An edited version of this article was published in the National Post,
March 27, 2001
Bankrupting the farm
By David Orchard
Over a year ago on this page I predicted that without corrective
action, we would see a worsening of the farm crisis. Since then
over 22,000 more farmers have given up farming.
During the past decade, Canadian farmers' net income adjusted
for inflation, has fallen more than 50%. In Saskatchewan the drop
is 90%; net farm income last year was 10% of the 1989 figure. The
countryside is being depopulated, railway tracks ripped up, grain
elevators torn down and rural communities devastated.
The federal minister of Agriculture stated recently that any farmer
with sales under $75,000 should "make a decision." This means that
many more farmers, over half of those remaining in fact, are being
told to leave the industry, a disaster which would turn rural Canada
into a desolate zone of giant industrial farms.
Canada's agriculture policy can only be described as bankrupt.
The Liberals have unilaterally dismantled the country's agriculture
research and support systems, disarming farmers and placing them
at a substantial disadvantage in world markets. To blunt the outcry,
the government is handing out on a limited, ad hoc basis, cheques
to farmers, which amount to a fraction of the amounts it has cut
from farm programs. (The Liberals have cut the federal agricultural
budget by almost by 50%, dumping the costs directly onto farm families.
For example, the 1995 abolition of the historic Crow's Nest Pass
agreement, once guaranteed to farmers "in perpetuity," has tripled
freight costs, an annual increase of about $15,000 per average western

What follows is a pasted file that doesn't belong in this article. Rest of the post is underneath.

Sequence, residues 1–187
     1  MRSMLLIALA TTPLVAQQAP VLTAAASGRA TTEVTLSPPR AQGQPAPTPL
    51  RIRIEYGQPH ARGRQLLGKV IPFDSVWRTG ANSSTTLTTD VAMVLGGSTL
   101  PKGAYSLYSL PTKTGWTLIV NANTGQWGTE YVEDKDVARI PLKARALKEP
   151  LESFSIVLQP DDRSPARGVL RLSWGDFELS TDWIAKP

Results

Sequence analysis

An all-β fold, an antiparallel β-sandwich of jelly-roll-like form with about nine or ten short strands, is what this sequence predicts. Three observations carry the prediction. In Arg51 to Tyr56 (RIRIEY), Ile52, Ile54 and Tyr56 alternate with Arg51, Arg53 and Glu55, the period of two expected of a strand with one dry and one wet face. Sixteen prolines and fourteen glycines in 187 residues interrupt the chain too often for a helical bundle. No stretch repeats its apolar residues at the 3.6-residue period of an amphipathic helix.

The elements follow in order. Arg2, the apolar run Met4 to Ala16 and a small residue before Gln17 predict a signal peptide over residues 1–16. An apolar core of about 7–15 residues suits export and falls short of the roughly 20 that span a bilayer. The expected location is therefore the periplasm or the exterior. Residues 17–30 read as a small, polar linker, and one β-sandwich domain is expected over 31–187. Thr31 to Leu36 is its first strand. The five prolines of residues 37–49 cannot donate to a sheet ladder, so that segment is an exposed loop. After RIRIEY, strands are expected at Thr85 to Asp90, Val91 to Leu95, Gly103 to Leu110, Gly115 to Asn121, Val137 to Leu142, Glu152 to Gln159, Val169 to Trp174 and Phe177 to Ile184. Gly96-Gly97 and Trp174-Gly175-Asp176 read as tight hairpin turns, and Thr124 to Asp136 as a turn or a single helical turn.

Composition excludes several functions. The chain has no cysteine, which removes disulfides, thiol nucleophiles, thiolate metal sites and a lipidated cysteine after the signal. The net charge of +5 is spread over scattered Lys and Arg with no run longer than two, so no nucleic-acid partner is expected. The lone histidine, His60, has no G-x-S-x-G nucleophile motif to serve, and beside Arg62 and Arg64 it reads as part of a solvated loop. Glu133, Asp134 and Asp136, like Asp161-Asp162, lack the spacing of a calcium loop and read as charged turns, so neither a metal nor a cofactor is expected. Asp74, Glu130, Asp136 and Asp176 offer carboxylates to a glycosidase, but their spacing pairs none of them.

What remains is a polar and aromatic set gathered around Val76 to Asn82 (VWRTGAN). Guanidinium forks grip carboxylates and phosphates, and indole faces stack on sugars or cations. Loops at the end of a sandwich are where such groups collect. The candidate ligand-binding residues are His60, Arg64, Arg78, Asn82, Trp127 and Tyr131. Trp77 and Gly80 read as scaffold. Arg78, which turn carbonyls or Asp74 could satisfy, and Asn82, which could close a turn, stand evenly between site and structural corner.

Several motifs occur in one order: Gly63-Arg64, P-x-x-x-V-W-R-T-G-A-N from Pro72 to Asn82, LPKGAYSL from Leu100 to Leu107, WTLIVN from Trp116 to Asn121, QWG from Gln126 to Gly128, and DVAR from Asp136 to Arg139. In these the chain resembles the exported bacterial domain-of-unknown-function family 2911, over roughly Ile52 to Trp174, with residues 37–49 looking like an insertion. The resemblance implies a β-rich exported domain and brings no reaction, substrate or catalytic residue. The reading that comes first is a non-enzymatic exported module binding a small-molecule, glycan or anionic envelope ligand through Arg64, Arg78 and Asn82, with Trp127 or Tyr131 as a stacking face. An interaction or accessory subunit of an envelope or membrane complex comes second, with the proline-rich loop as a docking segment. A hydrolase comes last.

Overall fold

grain farm.) At the same time, the government is stamping its feet
at the agricultural policies of the Europeans and Americans demanding,
without effect, that they "stop subsidizing."
Instead of whining about our competitors, Canada should simply
restore its farm support with the pledge to our competitors and
trade partners that our support will be phased out at such time
as, and in lock step with, reciprocal reductions on their part.
This action will put Canadian farmers back on a level playing field
and at the same time give the Canadian government the negotiating
strength to actually achieve results on the international stage.
The shopworn excuse that the Canadian treasury is incapable of
competing with that of Europe and the U.S. is inaccurate. Historically
Canada maintained a world class agriculture system, including its
long term freight commitments, without ruining the country's finances.
On the health and food safety front, there is a growing worldwide
consumer reaction to genetically modified (GM) food. Europe will
no longer import GM grains for human consumption; other customers
are balking. Yet Canada continues to pour hundreds of millions into
promotion of genetically modified organisms (GMOs) to the detriment
of all other agriculture policy.
With the introduction and promotion of Monsanto's "Round-up ready
canola," about two thirds of prairie canola acreage is transgenetic.
Cross pollination with conventional canola has contaminated the
entire canola crop, resulting in the loss of the European market
for all our canola and a subsequent drop in Canadian canola prices.
With virtually all its eggs in the GM basket, Canada has become
the world's third largest producer of GM crops, a product fewer
and fewer wish to purchase. This reckless promotion of an unproven
technology is hurting Canada's farmers. By contrast, Brazil, for